An army soldier patrols as unrest continues (Image: Getty)
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Militants have rejected international calls for a ceasefire and have instead pressed ahead with major assaults on cities across the country.
At least five regional capitals have fallen to the Taliban since Friday, with the northern city of Aybak, near the Tajik border, the latest to capitulate yesterday.
The Afghan Army retreated without a fight after community elders asked for the city to be spared more violence, deputy governor Sefatullah Samangani said.
One resident described the onslaughts as “total chaos”.
Gul Naaz said: “Many bombs were dropped on our village. The Taliban came and destroyed everything. We were helpless and had to leave our houses. Our children and ourselves are sleeping on the ground in dire conditions.”
It comes as UK Defence Secretary Ben Wallace admitted the UK tried to form a military coalition to continue supporting Afghan forces.
Mr Wallace also revealed Britain considered deploying ground forces again amid fears terrorist groups could reestablish a foothold in the country.
He said: “I did try talking to Nato nations but they were not interested, nearly all of them.
“We tried a number of like-minded nations. Some said they were keen, but their parliaments weren’t. It became apparent pretty quickly that without the United States as the framework nation it had been, these options were closed off.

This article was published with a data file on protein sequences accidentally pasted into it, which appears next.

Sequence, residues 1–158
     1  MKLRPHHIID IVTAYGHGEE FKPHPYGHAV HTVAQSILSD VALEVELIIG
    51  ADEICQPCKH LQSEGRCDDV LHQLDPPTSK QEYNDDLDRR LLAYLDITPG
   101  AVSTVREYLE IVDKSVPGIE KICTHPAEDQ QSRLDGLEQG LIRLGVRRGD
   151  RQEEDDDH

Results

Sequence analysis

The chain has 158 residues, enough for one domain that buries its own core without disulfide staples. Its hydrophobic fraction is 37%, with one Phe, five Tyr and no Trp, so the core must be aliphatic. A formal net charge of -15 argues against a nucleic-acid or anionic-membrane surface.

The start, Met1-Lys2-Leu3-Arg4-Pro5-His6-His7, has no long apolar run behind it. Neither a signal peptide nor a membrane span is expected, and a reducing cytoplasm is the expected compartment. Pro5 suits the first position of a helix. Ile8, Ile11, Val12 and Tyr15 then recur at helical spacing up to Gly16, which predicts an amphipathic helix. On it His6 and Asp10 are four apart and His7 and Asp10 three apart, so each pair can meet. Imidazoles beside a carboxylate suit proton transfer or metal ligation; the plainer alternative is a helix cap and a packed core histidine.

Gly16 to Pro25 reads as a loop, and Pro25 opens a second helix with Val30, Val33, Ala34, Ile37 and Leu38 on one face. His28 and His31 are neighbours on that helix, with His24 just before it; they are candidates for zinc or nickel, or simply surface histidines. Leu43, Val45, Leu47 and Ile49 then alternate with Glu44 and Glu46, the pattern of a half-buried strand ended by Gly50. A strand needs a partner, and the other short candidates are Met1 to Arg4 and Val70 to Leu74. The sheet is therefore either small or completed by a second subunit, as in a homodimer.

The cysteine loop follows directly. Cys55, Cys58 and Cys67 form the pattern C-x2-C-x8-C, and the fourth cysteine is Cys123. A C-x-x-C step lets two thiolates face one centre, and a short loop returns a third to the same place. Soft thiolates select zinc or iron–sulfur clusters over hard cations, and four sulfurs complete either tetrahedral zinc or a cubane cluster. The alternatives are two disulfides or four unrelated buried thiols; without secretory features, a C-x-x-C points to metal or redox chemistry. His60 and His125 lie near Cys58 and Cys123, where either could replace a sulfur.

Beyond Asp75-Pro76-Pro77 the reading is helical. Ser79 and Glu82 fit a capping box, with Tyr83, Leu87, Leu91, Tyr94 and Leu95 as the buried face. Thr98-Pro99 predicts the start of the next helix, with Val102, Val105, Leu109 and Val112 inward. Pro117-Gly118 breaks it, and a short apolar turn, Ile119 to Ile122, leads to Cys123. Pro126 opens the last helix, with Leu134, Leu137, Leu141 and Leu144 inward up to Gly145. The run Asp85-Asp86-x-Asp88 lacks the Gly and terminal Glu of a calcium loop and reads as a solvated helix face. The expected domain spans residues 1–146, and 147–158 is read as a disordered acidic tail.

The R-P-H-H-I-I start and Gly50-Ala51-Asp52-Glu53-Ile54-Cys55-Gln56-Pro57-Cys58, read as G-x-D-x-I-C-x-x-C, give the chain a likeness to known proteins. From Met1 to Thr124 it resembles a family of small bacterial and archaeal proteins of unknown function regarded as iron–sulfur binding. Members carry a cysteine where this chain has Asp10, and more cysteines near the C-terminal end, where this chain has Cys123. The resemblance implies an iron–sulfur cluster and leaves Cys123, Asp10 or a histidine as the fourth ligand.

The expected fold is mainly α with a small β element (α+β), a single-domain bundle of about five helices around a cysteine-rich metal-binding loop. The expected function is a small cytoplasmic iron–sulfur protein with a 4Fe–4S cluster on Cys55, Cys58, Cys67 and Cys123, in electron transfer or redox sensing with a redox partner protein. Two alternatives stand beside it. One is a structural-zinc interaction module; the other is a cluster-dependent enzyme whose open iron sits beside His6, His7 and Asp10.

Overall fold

“We could have put a force there but we would have had to take ourselves out of a lot of other places around the world. The possibility was not viable.”
No coallition… Wallace (Image: Getty)
Under the deal signed by former US President Donald Trump and continued by President Joe Biden, the US and Nato pledged to withdraw within 14 months.
I did try talking to Nato nations but they were not interested
UK Defence Secretary Ben Wallace
The Taliban agreed not to target Western troops and to keep Al Qaeda and other extremists out.
The militants upheld their side of the bargain – but have waged war against Afghan forces.
Mr Wallace said: “The deal was a rotten deal, it is flawed.
“It saddens me that the deal picked apart a lot of what had been achieved in Afghanistan over 20 years. We’ll probably be back in 10 or 20 years. But acting now is not possible. The damage was done with the deal.”
Violence has escalated across Afghanistan now that US-led forces have all but withdrawn following 20 years of military operations.
The Taliban have rapidly captured large swathes of countryside and are now targeting population centres.